A species was once defined as a group of actu­ally or poten­tially inter­breed­ing indi­vid­u­als that are repro­duc­tively iso­lated from other such groups. The con­cept of repro­duc­tive iso­la­tion is key to that def­i­n­i­tion and means that despite any hybridiza­tion, true species main­tain their uniqueness.

How­ever, the mod­ern view of what a species is does not require full repro­duc­tive iso­la­tion, and hybridiza­tion has been dis­cov­ered to be quite com­mon in nature.

At the howler mon­key hybrid zone in Mex­ico where U-M’s Cortés-​Ortiz and her col­leagues have worked for about two decades, analy­sis of DNA sam­ples has con­firmed that black and man­tled howler mon­keys inter­breed and pro­duce hybrid off­spring. The fact that hybridiza­tion is occur­ring between the two groups means that repro­duc­tive iso­la­tion is incomplete.

Evo­lu­tion­ary biol­o­gists believe that var­i­ous nat­ural selec­tion pres­sures can help com­plete the process of spe­ci­a­tion by strength­en­ing bar­ri­ers to gene flow between two groups, push­ing them toward full repro­duc­tive isolation.

And because nat­ural selec­tion favours organ­isms that suc­cess­fully repro­duce over those that don’t, it is biased against hybrids, which some­times die before repro­duc­ing or are sim­ply inca­pable of reproducing.

Nat­ural selec­tion tries to block the for­ma­tion of these “unfit” hybrids. One way to do that is to grad­u­ally increase the genetic dif­fer­ences between two groups of organ­isms — in this case black and man­tled howler mon­keys — so that it’s more dif­fi­cult for them to mate and to pro­duce hybrid offspring.

While work­ing to thwart the for­ma­tion of hybrids in this way, nat­ural selec­tion strength­ens repro­duc­tive iso­la­tion by increas­ing genetic dif­fer­ences. This process is called rein­force­ment; while the idea has been around for more than a cen­tury, empir­i­cal evi­dence to sup­port it is scarce.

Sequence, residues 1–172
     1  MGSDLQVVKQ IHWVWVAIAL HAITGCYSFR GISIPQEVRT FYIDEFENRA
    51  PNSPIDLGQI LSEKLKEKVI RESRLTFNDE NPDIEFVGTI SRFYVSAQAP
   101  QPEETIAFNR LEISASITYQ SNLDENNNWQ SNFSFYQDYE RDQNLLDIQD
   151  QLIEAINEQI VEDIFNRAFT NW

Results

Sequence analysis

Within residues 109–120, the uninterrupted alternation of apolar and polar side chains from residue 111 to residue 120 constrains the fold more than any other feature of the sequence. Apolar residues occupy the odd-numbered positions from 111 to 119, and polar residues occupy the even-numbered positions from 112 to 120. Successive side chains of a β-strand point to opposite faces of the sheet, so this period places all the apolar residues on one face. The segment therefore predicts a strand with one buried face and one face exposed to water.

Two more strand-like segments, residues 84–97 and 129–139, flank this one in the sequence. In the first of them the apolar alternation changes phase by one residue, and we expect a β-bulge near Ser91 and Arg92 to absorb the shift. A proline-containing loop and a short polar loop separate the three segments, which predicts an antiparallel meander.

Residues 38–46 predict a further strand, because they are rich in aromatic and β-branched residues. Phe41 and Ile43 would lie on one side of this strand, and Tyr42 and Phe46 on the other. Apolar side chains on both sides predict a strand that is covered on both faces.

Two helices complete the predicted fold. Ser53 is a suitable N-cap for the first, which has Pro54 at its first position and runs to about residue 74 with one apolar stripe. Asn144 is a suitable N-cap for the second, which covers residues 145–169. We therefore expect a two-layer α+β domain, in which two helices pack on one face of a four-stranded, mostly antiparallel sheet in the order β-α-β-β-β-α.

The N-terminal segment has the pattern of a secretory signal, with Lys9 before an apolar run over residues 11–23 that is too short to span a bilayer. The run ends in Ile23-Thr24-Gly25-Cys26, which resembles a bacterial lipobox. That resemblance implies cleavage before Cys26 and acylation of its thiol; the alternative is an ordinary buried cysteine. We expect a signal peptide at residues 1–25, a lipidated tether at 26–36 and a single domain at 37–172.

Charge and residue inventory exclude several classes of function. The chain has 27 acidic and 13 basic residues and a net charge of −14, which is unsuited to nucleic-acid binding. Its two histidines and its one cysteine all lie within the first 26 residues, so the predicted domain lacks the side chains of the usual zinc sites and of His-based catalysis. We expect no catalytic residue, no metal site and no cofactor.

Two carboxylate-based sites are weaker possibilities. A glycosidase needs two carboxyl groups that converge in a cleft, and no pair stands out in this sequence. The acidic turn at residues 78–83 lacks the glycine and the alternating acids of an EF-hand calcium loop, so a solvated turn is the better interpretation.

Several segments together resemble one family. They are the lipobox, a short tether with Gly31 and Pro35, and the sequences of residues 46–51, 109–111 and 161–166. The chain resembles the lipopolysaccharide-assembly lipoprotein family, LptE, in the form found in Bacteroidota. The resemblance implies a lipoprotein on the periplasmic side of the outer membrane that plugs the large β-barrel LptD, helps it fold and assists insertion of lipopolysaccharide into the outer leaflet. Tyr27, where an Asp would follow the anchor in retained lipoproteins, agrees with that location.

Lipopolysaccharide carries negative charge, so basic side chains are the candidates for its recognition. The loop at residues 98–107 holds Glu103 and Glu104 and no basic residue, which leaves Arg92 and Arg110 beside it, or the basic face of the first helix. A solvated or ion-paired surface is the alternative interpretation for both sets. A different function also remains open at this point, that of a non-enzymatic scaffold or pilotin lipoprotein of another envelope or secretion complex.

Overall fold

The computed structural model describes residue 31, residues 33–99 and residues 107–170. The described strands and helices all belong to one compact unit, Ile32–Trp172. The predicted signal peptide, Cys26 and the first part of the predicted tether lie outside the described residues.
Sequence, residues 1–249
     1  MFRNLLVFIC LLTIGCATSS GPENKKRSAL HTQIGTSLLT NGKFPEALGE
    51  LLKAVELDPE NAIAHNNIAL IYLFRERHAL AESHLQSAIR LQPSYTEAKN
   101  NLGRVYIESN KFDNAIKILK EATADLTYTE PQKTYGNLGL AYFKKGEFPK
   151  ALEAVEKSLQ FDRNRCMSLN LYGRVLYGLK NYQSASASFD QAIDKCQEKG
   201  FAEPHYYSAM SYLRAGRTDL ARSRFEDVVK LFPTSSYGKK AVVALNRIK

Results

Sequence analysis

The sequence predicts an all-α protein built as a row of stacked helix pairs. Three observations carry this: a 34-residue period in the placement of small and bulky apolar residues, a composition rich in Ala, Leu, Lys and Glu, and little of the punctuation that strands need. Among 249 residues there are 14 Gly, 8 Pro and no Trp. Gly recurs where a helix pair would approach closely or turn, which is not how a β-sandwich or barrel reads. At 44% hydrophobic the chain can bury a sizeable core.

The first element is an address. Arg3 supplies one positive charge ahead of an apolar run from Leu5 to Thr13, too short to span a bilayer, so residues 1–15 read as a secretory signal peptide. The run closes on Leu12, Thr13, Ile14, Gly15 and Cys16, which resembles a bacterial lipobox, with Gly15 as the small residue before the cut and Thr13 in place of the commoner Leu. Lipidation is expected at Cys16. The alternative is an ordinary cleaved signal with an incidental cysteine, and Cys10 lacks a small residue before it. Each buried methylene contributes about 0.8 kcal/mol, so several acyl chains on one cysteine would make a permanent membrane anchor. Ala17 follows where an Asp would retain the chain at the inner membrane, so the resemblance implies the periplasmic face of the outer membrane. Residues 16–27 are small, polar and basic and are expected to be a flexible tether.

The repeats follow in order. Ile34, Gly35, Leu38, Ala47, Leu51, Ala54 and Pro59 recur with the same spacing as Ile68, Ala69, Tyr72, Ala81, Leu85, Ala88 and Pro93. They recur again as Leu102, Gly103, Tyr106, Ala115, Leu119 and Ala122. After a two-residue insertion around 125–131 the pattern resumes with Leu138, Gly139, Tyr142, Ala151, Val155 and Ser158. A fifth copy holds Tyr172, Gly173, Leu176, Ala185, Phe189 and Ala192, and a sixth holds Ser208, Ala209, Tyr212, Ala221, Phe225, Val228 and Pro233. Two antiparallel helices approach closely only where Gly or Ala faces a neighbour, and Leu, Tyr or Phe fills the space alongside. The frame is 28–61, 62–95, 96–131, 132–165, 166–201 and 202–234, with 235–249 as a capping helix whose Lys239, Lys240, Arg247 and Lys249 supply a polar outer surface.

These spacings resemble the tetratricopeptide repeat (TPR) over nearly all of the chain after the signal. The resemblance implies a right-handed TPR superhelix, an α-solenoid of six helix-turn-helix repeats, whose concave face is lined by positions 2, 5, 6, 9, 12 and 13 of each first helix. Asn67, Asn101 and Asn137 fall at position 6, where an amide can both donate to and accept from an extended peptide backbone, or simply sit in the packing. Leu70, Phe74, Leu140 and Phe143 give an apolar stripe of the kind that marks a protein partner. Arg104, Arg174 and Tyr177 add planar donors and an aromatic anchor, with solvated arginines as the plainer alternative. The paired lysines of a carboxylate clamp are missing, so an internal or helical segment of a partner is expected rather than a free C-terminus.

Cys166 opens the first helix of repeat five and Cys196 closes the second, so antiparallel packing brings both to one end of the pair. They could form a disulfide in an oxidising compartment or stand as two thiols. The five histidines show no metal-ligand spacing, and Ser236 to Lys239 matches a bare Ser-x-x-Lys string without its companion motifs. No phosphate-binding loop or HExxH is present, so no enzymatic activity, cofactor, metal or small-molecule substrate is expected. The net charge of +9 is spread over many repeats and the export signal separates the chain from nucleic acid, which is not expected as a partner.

To test for the pres­ence of rein­force­ment, Baiz and her col­leagues com­pared the DNA of black and man­tled howler mon­keys liv­ing the Tabasco hybrid zone to the DNA of black and man­tled howler mon­keys liv­ing far from the hybrid zone.

If rein­force­ment is work­ing to thwart hybridiza­tion and to strengthen repro­duc­tive iso­la­tion, then the genetic dif­fer­ences between the two species in the hybrid zone should be greater than the genetic dif­fer­ences between mon­keys of these two species liv­ing on either side of the hybrid zone.

And that’s exactly what Baiz and her col­leagues found when they com­pared genetic mark­ers that are at or near genes likely asso­ci­ated with repro­duc­tive isolation.

Spe­ci­a­tion is a com­plex process that can be dri­ven by direct and indi­rect mech­a­nisms that inter­act to main­tain and strengthen the process, and this study is one of the few nat­ural exam­ples that doc­u­ments this,” Baiz said.

(Source: Uni­ver­sity of Michi­gan news release, 22.12.2018)